Yesterday, Ron Paul purist and anti-war Republican Adam Kokesh lost 29% to 71% to an “establishment” Republican despite outspending his opponent at least 2 to 1.

There is a big lesson here for all Tea Party and “Ron Paul” Republicans: No Republican campaign can win by trying to woo Democrats!

Banking on Democrats voting for you is suicide.

White writing, I’ve received an email from Adams campaign:

The relative numbers do not fully reflect the energy and commitment of those who cast a vote for us.  We were an unconventional campaign running against a conventional candidate.  The automatic reaction of old-fashioned party-line voters was to vote for our opponent.  Every single vote for us was an informed decision and an act of courage by the voter.

I’d like to congratulate the Kokesh campaign on getting out the courageous and well-informed. (He’s to be respected and commended for donating a year of his life to further his ideas - this is something not many people have the gumption for. )

Quite simply, you can’t win by trying to educate voters, you have to find common ground and connect with a base.

Years of tradition and repetition will not be undone by your crusade or principle. In a PRIMARY, working Democrats will have no effect on your campaign (duh?). Voters simply will not cross party lines to vote for your message; the best you can hope to do is drive down voter turnout by appealing to Democrats on issues.

If you are running for the Republican nomination, do not run from Republicans - embrace them, embrace the party, and find common ground. This may not be a popular sentiment on UnitedLiberty.org, but it is the truth - and it is effective.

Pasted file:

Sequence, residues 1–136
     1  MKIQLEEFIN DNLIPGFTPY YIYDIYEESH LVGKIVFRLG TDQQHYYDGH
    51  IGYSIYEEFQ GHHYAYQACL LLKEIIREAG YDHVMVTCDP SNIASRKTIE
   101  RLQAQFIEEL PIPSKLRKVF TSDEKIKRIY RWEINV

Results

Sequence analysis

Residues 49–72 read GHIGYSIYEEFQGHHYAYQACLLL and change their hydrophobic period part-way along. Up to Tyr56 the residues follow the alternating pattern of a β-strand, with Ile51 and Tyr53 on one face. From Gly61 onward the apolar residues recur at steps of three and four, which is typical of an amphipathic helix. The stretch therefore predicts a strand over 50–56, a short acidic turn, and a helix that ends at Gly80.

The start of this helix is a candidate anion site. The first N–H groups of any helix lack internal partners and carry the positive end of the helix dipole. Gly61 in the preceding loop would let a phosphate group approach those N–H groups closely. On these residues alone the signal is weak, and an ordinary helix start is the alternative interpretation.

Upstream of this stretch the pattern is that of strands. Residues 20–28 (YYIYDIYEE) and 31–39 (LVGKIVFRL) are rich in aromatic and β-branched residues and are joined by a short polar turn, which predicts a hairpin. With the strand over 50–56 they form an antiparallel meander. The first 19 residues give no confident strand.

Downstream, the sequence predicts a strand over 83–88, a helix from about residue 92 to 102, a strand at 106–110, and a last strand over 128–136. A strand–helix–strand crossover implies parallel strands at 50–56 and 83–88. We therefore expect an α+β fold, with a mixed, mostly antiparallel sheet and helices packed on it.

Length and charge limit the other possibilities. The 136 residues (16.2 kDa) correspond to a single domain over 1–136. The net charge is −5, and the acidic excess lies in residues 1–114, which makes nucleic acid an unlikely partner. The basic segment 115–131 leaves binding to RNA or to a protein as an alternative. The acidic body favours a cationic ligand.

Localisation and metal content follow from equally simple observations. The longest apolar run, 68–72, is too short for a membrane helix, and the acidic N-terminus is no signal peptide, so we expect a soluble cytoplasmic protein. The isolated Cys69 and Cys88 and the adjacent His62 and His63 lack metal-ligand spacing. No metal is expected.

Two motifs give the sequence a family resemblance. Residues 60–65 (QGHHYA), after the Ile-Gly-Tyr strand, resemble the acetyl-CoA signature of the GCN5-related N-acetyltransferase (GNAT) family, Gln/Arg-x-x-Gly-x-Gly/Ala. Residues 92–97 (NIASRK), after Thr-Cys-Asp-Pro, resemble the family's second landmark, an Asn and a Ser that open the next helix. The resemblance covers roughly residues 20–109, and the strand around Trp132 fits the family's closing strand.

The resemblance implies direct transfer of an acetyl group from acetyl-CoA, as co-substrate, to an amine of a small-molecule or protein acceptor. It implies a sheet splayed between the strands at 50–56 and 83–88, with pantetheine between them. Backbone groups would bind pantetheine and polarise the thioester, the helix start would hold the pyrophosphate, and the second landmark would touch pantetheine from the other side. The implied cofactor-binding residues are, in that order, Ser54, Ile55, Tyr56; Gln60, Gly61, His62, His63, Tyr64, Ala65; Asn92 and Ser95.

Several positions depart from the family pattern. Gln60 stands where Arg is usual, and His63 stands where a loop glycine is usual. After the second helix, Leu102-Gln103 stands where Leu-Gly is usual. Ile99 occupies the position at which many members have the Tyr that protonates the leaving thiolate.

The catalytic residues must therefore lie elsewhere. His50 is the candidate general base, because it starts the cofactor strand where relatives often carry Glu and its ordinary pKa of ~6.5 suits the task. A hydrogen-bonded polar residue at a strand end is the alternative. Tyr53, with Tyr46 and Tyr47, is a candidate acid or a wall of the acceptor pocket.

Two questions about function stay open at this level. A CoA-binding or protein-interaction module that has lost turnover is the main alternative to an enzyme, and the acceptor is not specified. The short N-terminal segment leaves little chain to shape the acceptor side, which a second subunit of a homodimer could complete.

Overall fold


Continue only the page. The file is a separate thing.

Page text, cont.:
This Is Not The Time For Revolution

Since Obamacare was passed, tensions in this country have been running high. Congressmen, especially those who voted for the bill, have been targeted with vandalism and death threats. In turn, many radicals on the left have threatened conservative personalities, issuing their own death threats to Republican congressmen, and used the opportunity to condemn all Obama opponents as racists and fascists among other things. Honestly, we in the opposition have not condemned this violence enough and instead we have sought to change the focus towards things said by the left. In addition, our continued tolerance of such lunatics like Birthers and 9/11 Truthers lends credience to the smears of the left.

For those of you out there who think this is the time for revolution, please consider the following:

1) All political and legal options have not been exhausted. There are Congressional elections in November 2010 and Presidential elections in November 2012. Use this anger and energy to donate money and support candidates who support liberty and who will fix/repeal Obamacare. In addition, many states have filed lawsuits challenging Obamacare and those lawsuits need time to work their way through the courts.